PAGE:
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9. Turning Circle

The car’s turning circle describes the diameter of the smallest U-turn a vehicle can make. For example, if its turning circle is 37 feet, that means it takes a total of 37 feet to make a complete u-turn. A turning circle can be crucial to drivers who live in narrow urban areas where tight turns are the norm.

10. Wheelbase

The wheelbase is the distance between the center of the front and rear wheels. While the wheelbase won’t tell you how long a car is, it roughly measures the size of the passenger compartment and may give you an idea of how big the interior is.

11. Width

truck fitting in garage and car specs

The width measurement can be tricky for drivers with a narrow garage. A car’s width defines its widest point without its mirrors. That means a vehicle only a few inches narrower than your garage will give you a tighter squeeze than you realize. After all, even if you fold in the mirrors, you’ll still have a few extra inches on each side.

Related Car Specs Articles:

Editor’s Note: This article was updated for accuracy since its original publication date.


What are car specs?

Car specifications, or vehicle specs, provide important details about a vehicle. This includes basic dimensional factors such as height, length, and weight, as well as deeper details like the car’s wheelbase and cargo capacity.

Why are car specs important?

Having an explanation of car specs and understanding the measurements can help you get a vehicle that fits your lifestyle – and fits into your garage.

What do car specs measure?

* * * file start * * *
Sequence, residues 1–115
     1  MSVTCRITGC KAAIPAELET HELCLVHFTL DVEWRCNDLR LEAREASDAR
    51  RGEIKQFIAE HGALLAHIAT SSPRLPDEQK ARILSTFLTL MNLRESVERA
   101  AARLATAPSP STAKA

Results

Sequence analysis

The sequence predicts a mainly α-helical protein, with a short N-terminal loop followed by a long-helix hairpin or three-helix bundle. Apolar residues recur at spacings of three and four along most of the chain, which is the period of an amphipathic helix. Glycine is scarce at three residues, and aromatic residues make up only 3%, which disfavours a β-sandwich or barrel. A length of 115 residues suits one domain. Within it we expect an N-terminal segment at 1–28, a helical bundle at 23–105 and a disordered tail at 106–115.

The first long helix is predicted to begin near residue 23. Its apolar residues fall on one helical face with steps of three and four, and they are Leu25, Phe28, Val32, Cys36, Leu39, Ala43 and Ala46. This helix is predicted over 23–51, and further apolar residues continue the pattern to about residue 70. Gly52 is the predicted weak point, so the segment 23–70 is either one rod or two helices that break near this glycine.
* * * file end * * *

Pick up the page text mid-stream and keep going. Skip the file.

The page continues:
Car specs fall into broad categories of construction, operation, and performance. Construction specs are fundamental measurements. Operation specs detail features such as air conditioning, driver-assist technologies, and seating material. Performance specs outline how the vehicle is expected to perform, including fuel economy and the vehicle’s turning radius.

Doug Demuro
Doug Demuro
Doug DeMuro writes articles and makes videos, mainly about cars. Doug was born in Denver, Colorado, and received an economics degree from Emory University in Atlanta. After graduation, Doug spent three years working for Porsche Cars North America. Eventually, he quit his job to become a writer, largely because it meant that he no longer had to wear pants. Doug’s work has been featured in a... Read More about Doug Demuro

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  1. Car measurements are not realistic generally. For example I have a 2012 Dodge Avenger that lists the “hip room” as 52.6 inches. This measure includes the width of the center console where a passenger’s hip can not be. I measured the actual space provided from the inside of the door panel where my hip rests to the inside of the center console and the measure was 23 inches. Assuming the passenger measure is the same, that is an actual hip room measure of 46 inches, a full 6.6 inches short of the advertised area. This becomes important when your carriage is above the norm.

    • Probably the same stupid reason a garage only a few inches wider than a car seems no problem for this brain-dead writer. Lacking enough side clearance to open doors, journalists must be perfectly happy living out their remaining years in the car, unable to exit.  Falling every year since 1963, national average SAT scores speak volumes to why good manufacturing jobs fled the United States.  All the lights may be on, but no one is home! 

  2. how to judge the impact of a bounce by the cars? Can you suggest cars having very minimal affect of a road on the passengers passing over the bouncy terrain.